Have you been to many other events like this?
I’ve not been to a modelling camp, even as a student. I do go to financial conferences and events but this is a fairly new thing.

How can we increase diversity in mathematics?
Obviously, it’s a big debate. In Manchester at undergraduate and postgraduate we have quite a lot of diversity. It seems to somehow have a massive drop off after postgrad. Maybe it’s psychological – when they look at the teachers they don’t see themselves. I know people are resistant to the idea of quotas or something like that but how do you change things unless you get people in there? Perhaps mandatory shortlisting for interviews would help – I’m not sure if we do that at the minute – it’s a small nudge towards giving minorities a higher chance.

If you could solve one great maths problem what would it be?
The big thing I’m most interested in is the more real world economics. In Manchester, the economics department is in the social sciences building. There’s no interaction between maths and economics.  I’d quite like to get into that field and see if there’s more applied maths and dynamic modelling they could be using to solve problems. There’ve been advances recently in the ability to fit your mathematical models to more and more complex situations which makes it more likely we could solve those sorts of problems in the future.

Who is your favourite mathematician and why?
I’m going to go a little bit off and pick somebody that’s not quite a mathematician: Fisher Black and Myron Scholes. They effectively came up with the mathematical framework that eliminates risk in the financial contracts. Unintentionally, they’ve had a massive effect on the whole world over the last 40 years in terms of the way we deal with money. There’s obviously been a lot of benefits and obviously some negatives as well. What they did as a piece of mathematics was really, really good. There was a misunderstanding of how it can be applied to the real world and in what situations the assumptions break down. That’s one of the important things about mathematics; that, as mathematicians, we hope we understand the limits of our models.  In the finance world, there’s probably been a lot of people who don’t really understand the model and they put them into situations where they just don’t work.

Do you prefer blackboard or Powerpoint?
If I’m doing small-group teaching, I much prefer blackboard. It’s great downstairs here because we can use blackboards. But I’ve a bit of a bias against blackboards when I’m doing lectures – as well as the visibility, I struggle writing for long periods. I get back pain and things like that.  I would prefer visualizers but the need to be much better. The big advantage with a big lecture theatre is that you have maybe six or eight blackboards you can show everything on but you usually only have one screen, sometimes two.  The ideal would be eight screens with the visualizer to get that staggering of the material. You don’t want to flick between pages in Powerpoint – it makes you feel ill.  It’s really a case of blackboards aren’t great but the technology isn’t there yet to replace them.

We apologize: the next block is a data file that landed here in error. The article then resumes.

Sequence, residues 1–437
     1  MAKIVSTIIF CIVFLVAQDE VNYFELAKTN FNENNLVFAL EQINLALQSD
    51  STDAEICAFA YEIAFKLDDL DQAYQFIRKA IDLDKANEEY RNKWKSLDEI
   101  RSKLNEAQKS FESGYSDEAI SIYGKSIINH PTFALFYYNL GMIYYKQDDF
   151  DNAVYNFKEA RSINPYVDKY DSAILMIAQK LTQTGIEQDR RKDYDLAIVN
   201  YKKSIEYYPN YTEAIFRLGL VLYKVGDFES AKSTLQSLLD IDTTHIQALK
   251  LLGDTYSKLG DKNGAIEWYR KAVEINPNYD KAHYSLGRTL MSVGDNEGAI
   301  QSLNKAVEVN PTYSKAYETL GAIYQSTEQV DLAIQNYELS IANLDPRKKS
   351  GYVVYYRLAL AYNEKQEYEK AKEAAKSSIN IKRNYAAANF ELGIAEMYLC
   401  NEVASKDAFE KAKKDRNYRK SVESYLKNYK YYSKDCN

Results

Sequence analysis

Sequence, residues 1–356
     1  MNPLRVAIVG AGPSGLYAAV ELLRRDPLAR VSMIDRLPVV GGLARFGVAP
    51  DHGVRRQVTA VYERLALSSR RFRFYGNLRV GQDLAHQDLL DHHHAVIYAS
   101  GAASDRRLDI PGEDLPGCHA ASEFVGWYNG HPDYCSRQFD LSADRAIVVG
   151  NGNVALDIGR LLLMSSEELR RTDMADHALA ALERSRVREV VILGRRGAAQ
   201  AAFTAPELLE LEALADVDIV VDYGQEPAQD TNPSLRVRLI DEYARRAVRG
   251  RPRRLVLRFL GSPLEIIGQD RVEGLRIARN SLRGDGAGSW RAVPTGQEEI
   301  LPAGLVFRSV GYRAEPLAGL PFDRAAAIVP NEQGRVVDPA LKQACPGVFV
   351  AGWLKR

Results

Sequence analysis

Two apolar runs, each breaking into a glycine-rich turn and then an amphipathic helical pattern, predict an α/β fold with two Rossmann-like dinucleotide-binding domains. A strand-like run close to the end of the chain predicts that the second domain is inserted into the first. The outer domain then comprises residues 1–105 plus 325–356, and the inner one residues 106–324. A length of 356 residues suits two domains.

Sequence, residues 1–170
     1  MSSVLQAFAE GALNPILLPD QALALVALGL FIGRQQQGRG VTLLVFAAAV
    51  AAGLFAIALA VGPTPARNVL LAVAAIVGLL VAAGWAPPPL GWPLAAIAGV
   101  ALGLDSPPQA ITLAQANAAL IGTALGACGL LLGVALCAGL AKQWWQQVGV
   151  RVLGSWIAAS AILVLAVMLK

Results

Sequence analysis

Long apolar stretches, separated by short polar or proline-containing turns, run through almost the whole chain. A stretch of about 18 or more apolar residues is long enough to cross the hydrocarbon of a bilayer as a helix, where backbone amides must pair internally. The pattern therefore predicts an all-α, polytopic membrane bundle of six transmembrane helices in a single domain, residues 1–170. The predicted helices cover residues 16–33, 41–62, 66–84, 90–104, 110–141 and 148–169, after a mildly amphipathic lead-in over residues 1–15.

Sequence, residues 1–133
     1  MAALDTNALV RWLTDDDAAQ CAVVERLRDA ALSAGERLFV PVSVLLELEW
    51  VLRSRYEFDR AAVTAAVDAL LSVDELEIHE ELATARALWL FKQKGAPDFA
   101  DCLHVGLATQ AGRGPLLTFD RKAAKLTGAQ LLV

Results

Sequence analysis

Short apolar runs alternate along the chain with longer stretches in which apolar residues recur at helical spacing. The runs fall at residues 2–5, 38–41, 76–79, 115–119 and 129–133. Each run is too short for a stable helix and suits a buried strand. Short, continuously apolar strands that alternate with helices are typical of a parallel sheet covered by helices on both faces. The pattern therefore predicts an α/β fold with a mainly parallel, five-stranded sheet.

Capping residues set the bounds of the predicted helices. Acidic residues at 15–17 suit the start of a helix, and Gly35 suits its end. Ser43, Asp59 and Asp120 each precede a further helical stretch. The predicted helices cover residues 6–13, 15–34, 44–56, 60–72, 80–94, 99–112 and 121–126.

Nora Tanner, Heriot-Watt University

Nora TannerNora is a second-year MIGSAA student based at Heriot-Watt University. Prior to starting her PhD Nora did an MSc in Ecological and biological modeling at Heriot-Watt.   

Can you tell me what you were expecting when you signed up for this event and what have you got out of it so far?
As a MIGSAA student I was automatically enrolled in this modelling camp and so I didn’t have any particular expectations of what it might be like.  I have enjoyed working with other people and there’s been much more interaction than I normally have in day-to-day life doing my PhD. It has been enjoyable working on a common problem with the other students.

What problem are you working on and why?
I decided to pick a problem in an area I knew nothing about so I chose the Brewing Filter Coffee - economic/societal impact problem. The other problems were all in areas I had explored during my SMSTC courses. I wanted to try something completely different.  It was hard to try and understand the problem at first but I found that through continuous questioning and by re-examining the problem we were able to come up with a number of solutions.

What have you found most enjoyable about the week so far?
Working with people I don’t know has been a novelty. We did also manage “field trips” to local coffee shops that I hadn’t been to before.  When I was here for my first year as a MIGSAA student I always enjoyed the lattes from BrewLab.

How does participating in this modelling camp differ from your normal day as a PhD/mathematician?
With my PhD I really only see my supervisor and apart from assisting at tutorials I don’t interact a great deal with other mathematicians. I do go to seminars but it isn’t the same as working on a problem together. I wish there were more opportunities for interaction but it may just be a reflection of the level I am at.    

Have you met interesting people and made connections?
Yes and I hope that I will run into some of these people at workshops and other events sometime.

Have you been to many other events?
I do attend seminars and was recently at an ICMS workshop “Multiscale methods for stochastic dynamical systems in biology” it wasn’t precisely in my area but it was very interesting and it was a very packed week of workshop.

Who is you favourite mathematician?
I don’t particularly have a favourite right now. When I was working in fluid flow area I admired Daniel Bernouilli

If you could solve one maths problem what would it be?
My PhD!

How can we increase diversity in mathematics?
My impression is that this is improving by itself.  I think there must be an upward trend. The tutorials I help in are certainly almost balanced in terms of gender. I certainly think that there are a wider variety of options for graduates now and that maybe staying on to do a PhD doesn’t sound as attractive as the offer and financial rewards available by going to work in industry. I think that mathematics should be bolder in advertising and promoting the opportunities to people to stay within mathematics and pursue PhDs and really achieve something remarkable and carry on their career in maths.  I was very impressed with one of the speakers from the workshop a few weeks ago, Sarah Harris. She was fabulous and surely she can encourage people to stay in maths. 

Do you prefer blackboard or Powerpoint?
I dislike over-prepared presentations and prefer, clear minimal LaTeX slides. Please keep the blackboards but I do far prefer pencil and paper over chalk!

 


ICMS gratefully acknowledge the financial contribution from MI-NET and Skyscanner towards this event. MI-NET is funded by COST through the EU Framework Programme Horizon 2020.